The Undrugging of Annie (Part IV)

After I was finally discharged, I had to give up driving my car because I was hitting things.  I could no longer stand up long enough to wait for a taxi, so Dr. Ghaly ordered a wheelchair and I began to travel in medical transport vans.  Dr. Ghaly also ordered home health aides for two hours every day.

            I was now a wholly owned subsidiary of the State:  SSI/SSD, Medicare, Medicaid, HUD Section 8.  Hereafter, I could have all the medical care I wanted, but I could never again take my friends and myself out to church, dinner or a movie.  No more mall shopping—I was no longer a valid American.

At an increasingly rapid rate, drugs were making me sick.  The side effects were often bizarre and unpredictable but they always came, sometimes after three days, sometimes not for six months.  I got on a first-name basis with my pharmacists and discovered that they had little regard for physicians and could be very helpful in explaining what was going on.  Routinely, I would request the “manufacturer’s insert” when I picked up a new prescription.  Somewhere on the insert, the side effects I was having would be listed.

By now, I was having so many reactions to drugs that Dr. Ghaly prescribed them at half the usual starting dose.  The endocrinologist wanted to put me on Inderal because the existing treatment for the kidney disease had become increasingly ineffective.  I told her about the drug problems and asked her to start me on a half-dose as did Dr. Ghaly.  A few days later, I was devastatingly ill and had to go to the Emergency Room.  They could find nothing wrong and sent me home.  Two days later, same thing.  A couple more days, and again to the ER.  This time, the ER doctor told me to see my therapist—the problem was in my head.

            Sitting outside the ER in my wheelchair, bitterly waiting for medical transport, I asked myself for the ten thousandth time what was wrong.  This time, the answer came to me.  I went home and checked the Physician’s Desk Reference (PDR).  The endocrinologist had prescribed the Inderal at full strength and it was making me sick.  Laying in the ER for eight hours waiting for the blood tests to come back was making me well: the half-life of the Inderal was expiring while I laid in the ER.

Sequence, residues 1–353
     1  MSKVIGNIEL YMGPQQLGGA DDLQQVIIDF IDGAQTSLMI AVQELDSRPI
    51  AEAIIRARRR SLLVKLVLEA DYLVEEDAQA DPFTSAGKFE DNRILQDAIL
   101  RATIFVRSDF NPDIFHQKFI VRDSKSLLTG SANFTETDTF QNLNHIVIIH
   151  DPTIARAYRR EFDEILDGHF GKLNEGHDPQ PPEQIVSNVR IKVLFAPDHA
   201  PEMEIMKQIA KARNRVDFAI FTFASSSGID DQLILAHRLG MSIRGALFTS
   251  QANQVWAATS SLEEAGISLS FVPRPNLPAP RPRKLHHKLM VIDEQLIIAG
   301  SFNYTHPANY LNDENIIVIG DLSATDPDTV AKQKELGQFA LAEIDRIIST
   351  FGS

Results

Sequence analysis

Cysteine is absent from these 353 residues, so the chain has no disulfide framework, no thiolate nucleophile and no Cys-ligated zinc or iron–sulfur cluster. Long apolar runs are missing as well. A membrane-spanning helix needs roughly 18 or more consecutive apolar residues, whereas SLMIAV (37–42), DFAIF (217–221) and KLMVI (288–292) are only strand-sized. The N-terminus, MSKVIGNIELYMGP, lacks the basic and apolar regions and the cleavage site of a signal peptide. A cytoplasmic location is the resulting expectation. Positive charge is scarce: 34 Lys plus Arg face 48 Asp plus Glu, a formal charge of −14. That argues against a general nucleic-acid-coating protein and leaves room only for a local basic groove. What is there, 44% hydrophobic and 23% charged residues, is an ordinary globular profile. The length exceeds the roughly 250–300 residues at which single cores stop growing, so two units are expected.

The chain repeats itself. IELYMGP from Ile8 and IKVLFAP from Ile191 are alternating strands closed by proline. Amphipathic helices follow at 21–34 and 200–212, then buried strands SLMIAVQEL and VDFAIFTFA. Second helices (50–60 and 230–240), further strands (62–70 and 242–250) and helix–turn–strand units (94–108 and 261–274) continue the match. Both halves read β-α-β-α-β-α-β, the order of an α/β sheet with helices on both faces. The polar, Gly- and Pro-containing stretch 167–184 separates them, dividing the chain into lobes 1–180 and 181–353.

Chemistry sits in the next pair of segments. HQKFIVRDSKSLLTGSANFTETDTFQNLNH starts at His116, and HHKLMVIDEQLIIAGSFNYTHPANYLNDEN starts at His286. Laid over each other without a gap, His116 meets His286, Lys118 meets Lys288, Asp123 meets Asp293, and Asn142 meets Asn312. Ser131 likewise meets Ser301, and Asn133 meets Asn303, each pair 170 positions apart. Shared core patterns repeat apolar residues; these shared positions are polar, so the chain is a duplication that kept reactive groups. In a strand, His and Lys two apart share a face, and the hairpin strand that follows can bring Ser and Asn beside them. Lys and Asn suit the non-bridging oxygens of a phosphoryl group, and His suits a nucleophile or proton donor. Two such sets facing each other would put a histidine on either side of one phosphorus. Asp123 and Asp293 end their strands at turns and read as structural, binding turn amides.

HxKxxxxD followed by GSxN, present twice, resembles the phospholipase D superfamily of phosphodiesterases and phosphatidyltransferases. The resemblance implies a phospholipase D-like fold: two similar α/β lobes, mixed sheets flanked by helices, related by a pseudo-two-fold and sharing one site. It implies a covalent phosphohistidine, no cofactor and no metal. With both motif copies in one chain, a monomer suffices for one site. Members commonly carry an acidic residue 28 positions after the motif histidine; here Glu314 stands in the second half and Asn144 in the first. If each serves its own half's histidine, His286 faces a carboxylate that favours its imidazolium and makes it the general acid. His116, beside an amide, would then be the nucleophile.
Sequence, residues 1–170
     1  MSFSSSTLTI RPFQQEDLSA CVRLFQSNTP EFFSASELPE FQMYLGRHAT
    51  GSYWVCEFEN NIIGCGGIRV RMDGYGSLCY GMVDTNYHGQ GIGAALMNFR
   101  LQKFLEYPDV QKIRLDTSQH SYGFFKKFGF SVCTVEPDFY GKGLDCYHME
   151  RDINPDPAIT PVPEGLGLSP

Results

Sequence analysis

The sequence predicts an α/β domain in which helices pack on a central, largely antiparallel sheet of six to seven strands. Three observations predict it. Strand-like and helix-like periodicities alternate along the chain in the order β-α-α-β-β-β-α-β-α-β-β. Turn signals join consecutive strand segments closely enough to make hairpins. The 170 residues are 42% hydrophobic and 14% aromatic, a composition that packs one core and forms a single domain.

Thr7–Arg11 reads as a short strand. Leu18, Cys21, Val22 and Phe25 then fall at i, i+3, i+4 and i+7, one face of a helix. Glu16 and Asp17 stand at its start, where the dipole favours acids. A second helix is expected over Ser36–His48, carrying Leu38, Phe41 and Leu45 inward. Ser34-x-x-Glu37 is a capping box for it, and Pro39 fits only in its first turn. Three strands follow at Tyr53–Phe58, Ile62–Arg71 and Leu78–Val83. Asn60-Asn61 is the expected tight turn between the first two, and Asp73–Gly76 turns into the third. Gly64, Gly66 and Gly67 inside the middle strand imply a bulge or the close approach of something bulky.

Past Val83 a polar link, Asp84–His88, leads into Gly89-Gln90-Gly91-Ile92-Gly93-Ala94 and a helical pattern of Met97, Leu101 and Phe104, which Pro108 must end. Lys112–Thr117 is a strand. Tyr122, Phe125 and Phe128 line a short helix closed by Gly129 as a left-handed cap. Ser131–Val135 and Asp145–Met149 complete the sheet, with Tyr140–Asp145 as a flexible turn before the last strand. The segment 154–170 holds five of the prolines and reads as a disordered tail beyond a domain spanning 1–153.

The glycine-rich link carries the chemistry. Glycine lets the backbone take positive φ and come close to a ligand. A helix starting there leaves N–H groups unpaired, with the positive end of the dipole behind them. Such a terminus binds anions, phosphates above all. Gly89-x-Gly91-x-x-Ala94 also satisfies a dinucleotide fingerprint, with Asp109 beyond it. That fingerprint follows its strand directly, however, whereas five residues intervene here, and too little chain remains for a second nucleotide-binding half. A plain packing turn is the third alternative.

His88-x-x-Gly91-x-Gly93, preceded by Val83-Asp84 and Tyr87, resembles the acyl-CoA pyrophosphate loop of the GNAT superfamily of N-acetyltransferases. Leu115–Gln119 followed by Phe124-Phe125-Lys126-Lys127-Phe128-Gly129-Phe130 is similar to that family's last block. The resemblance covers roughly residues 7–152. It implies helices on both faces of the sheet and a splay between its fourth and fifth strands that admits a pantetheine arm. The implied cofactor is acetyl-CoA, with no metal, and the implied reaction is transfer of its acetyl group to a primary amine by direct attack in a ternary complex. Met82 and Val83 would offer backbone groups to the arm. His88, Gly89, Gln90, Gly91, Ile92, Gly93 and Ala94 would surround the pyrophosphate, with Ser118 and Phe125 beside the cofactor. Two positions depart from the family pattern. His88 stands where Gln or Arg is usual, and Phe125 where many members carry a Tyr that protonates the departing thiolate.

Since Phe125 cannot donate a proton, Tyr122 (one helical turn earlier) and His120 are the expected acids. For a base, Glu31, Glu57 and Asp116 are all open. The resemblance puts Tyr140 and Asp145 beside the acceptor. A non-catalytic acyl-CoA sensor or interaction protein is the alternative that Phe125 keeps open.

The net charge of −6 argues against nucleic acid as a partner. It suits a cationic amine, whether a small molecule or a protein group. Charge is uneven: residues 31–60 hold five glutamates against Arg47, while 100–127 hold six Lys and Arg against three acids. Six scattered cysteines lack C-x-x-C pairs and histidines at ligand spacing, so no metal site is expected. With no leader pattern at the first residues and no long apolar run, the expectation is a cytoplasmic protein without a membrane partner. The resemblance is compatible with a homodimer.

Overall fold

Shortly thereafter, I ended up on psychiatric inpatient again, ostensibly depressed but, in fact, too weak and exhausted to get out of bed.  Dr. Ghaly ordered routine admitting blood work.  My potassium level was substantially below normal.  The endocrinologist who had over-prescribed the Inderal had failed to monitor the HCTZ she was prescribing.

Technical advances in the treatment of sleep apnea enabled me to tolerate the equipment, so I now slept with a machine attached to my face.  Sometimes I was so fatigued that I couldn’t make it from the bedroom to the kitchen to get a drink, so a bedside refrigerator was ordered to keep me from dehydrating.  I could no longer sit up in bed long enough to drink a bottle of water, so a hospital bed was ordered.  Drinking water during the night would cause severe pain in my gut.

            My body was no longer responding to the drugs prescribed to treat the nephrogenic diabetes insipidus.  Normal twenty-four-hour urine output is less than two liters.  With drugs, we had never been able to get mine below four liters.  Now, despite the drugs, output was above six liters.  Topamax was prescribed for depression, and urine output drastically increased.  Withdrawal from the Topamax was severe.  I hadn’t had an uninterrupted night’s sleep in more than a decade.

I took melatonin for the fibromyalgia.  The pain and fatigue were unbearable, so the melatonin dose was doubled.  I had acute menstrual bleeding that lasted for weeks.  I was bleeding torrentially, passing blood clots the size of tangerines.  The gynecologist scheduled me for a D&C.  I ran out of melatonin and was too sick to get more.  The bleeding diminished by half.  I was admitted to hospital for the D&C.  Despite repeated requests, the doctor refused to talk to me about the possibility that the bleeding was a side effect of the melatonin.  He told me to have the surgery or leave the hospital against medical advice.  With Craig Schaub at my side, I decided to leave the hospital.  By the time three more days had passed, the bleeding had stopped completely.